Flood evacuees can go forward with class-action suit against province, federal AG, court says

A class-action lawsuit against the Government of Manitoba and the attorney general of Canada on behalf of a group of roughly 4,000 Manitoba flood evacuees will go forward after a trio of Manitoba judges certified the suit earlier this week.

4,000 residents of 4 First Nations were forced to leave their homes after severe flooding in 2011

Clifford Anderson stands on the road leading to his brother's and his late mother's flooded houses. He says the bulrushes are an indication the land is still saturated and has become a swamp.

A class-action lawsuit against the Government of Manitoba and the attorney general of Canada on behalf of a group of roughly 4,000 Manitoba flood evacuees will go forward after a trio of Manitoba judges certified the suit earlier this week.

In a unanimous decision delivered Wednesday, three judges from Manitoba's Court of Appeal — the province's highest court — ruled in favour of a group of individuals representing four First Nations that were evacuated following severe flooding in spring of 2011.

The decision officially certifies the class-action suit on behalf of residents of Dauphin River First Nation, Lake St. Martin First Nation, Little Saskatchewan First Nation and Pinaymootang First Nation.

Their effort to bring a $950-million class-action lawsuit against the province was initially denied in 2014, but the request for an appeal was granted in late 2015. After court heard the appeal last September, the Wednesday ruling overturned the initial decision.

The ruling states the first judge erred in his decision and that a class-action suit is a "fair, efficient and manageable" path to advance the claims.

The First Nations were home to around 4,000 people before the flooding, which the plaintiffs say was caused by the province in an effort to save homes and towns further south.

Nearly six years later, hundreds of the evacuees still haven't returned home.

'Finally going to be some justice'

A spokeswoman from Manitoba Justice said the province is reviewing the decision and has not yet determined its next steps.

The lawsuit also names the Manitoba Association of Native Firefighters Inc. as a defendant. MANFF was charged with caring for thousands of First Nations members whose homes and communities were flooded in 2011. That responsibility was later transferred to the Red Cross.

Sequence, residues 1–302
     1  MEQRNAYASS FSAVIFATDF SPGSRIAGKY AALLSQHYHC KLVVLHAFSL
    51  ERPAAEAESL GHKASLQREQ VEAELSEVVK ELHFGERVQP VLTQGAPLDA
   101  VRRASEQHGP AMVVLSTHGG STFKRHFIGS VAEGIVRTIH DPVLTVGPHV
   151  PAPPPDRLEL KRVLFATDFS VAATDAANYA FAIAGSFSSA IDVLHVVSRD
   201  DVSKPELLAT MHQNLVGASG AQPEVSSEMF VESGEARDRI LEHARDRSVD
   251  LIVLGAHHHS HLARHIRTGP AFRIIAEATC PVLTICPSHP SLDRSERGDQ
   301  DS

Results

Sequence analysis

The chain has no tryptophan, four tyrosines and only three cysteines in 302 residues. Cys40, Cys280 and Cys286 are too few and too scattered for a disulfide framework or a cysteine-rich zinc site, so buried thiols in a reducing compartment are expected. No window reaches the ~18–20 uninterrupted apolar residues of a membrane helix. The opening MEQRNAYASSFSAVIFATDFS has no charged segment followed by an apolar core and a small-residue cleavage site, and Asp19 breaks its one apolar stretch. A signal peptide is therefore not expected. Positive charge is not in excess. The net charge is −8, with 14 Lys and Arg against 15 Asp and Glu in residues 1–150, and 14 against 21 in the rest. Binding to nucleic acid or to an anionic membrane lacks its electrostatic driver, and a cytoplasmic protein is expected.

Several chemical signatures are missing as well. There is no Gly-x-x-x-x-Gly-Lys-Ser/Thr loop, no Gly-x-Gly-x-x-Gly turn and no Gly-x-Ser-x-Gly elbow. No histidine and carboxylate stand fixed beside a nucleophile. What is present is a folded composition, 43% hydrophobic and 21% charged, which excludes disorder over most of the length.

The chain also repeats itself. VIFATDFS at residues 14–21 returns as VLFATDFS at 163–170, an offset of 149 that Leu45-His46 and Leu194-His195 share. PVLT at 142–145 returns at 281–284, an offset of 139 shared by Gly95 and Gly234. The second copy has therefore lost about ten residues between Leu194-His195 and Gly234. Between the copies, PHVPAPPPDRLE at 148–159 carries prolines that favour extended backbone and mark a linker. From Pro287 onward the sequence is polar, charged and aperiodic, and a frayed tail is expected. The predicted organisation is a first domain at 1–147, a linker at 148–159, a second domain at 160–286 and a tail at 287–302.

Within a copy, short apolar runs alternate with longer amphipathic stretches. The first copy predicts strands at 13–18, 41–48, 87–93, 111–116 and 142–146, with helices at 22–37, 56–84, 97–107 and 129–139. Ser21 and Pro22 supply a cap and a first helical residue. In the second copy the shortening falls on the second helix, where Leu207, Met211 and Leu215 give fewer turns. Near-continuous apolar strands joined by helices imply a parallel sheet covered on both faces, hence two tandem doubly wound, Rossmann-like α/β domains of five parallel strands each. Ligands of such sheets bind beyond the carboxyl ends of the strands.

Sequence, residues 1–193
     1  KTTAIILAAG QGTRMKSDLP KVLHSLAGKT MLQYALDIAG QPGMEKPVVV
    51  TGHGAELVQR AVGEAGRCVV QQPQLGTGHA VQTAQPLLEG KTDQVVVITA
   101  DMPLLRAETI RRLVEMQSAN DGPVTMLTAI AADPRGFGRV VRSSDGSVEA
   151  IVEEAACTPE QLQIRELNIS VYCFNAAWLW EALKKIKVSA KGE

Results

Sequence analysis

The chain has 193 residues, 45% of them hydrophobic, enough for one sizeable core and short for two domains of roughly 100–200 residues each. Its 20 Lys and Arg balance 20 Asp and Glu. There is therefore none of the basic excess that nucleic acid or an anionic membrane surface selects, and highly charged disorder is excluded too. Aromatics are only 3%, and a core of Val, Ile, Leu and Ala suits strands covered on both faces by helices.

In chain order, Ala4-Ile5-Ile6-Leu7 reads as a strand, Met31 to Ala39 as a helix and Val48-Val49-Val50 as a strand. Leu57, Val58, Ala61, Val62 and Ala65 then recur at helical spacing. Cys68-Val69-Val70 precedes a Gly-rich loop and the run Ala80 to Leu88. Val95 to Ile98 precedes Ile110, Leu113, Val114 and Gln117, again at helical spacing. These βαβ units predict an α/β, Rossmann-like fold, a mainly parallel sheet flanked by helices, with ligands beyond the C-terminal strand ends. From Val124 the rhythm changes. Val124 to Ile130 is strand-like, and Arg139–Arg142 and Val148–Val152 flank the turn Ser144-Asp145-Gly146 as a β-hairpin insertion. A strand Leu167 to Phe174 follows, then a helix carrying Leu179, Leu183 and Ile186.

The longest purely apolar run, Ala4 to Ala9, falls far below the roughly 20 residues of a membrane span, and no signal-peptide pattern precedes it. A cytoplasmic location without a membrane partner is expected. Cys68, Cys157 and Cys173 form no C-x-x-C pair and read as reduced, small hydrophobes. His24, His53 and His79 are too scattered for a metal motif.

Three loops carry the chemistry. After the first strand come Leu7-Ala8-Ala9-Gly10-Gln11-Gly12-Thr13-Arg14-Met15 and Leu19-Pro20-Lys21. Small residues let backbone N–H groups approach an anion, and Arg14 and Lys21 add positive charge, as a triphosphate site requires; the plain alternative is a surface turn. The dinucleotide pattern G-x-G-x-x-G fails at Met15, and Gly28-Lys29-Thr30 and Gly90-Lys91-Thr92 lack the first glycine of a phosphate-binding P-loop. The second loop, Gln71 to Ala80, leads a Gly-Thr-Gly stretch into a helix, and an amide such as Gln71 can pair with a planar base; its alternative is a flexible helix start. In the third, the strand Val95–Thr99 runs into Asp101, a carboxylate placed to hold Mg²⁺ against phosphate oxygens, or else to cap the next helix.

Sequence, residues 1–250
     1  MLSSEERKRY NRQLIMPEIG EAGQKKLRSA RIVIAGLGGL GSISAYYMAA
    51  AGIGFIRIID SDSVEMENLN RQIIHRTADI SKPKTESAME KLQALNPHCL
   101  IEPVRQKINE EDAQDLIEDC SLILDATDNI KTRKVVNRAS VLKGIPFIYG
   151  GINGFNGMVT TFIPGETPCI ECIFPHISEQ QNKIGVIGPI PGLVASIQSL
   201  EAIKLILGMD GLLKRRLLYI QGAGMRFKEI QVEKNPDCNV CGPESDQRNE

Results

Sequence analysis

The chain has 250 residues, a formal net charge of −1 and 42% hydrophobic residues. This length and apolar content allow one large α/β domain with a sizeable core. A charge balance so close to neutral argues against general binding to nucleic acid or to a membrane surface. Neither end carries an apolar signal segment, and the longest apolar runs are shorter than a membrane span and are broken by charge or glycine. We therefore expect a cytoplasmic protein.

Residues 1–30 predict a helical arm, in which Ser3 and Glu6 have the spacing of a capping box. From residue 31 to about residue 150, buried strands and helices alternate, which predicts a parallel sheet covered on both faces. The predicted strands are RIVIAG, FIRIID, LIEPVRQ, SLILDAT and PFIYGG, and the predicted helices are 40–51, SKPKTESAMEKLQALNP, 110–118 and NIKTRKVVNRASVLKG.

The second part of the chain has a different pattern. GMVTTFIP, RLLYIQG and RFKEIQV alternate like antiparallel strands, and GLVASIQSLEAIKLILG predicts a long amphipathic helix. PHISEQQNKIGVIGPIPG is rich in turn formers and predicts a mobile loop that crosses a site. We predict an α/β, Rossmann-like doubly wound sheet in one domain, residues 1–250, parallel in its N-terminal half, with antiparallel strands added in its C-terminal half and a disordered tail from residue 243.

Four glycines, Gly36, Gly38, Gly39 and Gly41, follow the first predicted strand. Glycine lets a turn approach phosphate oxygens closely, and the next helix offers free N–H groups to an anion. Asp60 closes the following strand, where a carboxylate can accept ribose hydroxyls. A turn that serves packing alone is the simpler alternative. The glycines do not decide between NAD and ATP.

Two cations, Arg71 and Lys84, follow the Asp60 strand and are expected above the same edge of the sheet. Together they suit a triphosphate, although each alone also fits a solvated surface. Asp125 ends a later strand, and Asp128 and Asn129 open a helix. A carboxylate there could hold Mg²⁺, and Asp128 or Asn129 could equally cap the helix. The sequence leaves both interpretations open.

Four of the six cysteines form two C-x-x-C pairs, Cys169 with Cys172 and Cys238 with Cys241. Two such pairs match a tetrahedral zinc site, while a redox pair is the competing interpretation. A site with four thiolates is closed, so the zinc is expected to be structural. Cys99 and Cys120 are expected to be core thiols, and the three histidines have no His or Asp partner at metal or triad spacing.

Clifford Anderson, one of the group of 10 plaintiffs representing the evacuees in the lawsuit, said he was thankful to see the court decision.

"It means there's finally going to be some justice," he said. "Somebody's going to be found responsible, or hopefully, maybe it won't have to go to court and they'll come down to the table and start some kind of negotiations."

Anderson left his home on Pinaymootang First Nation with just the clothes on his back and a few blankets in 2011. At the time, he said residents believed they'd be back in their homes by the end of the summer.

"It was devastating to have to leave, especially for the elderly people … they weren't used to moving around, they were used to living there," he said.

"There was lots of social impacts, like separation from other family members because some people had to move to Winnipeg, and there's loss of jobs and loss of income and loss of use of the land, like traditional gardening and stuff like that."

The First Nation now looks like swampland, he said.

"There's cattails and bulrushes growing up right against the houses. The wells are contaminated. The septic fields and tanks have been washed away and the homes now, they're full of mould because they've been sitting in water," he said.

Hope to settle outside of court

The province still has the right to appeal the ruling and bring the case to the Supreme Court of Canada.

One of the evacuees' lawyers, Michael Peerless, said that process could add another year to the proceedings.

Peerless, who works for McKenzie Lake Lawyers in Ontario and specializes in class-action cases, said he hopes the province will choose instead to settle the suit outside of court.

If the province doesn't appeal and the matter goes to trial, Peerless said it could easily be another five or six years before the suit is resolved.

With files from Meagan Fiddler, Aidan Geary and Leslie McLaren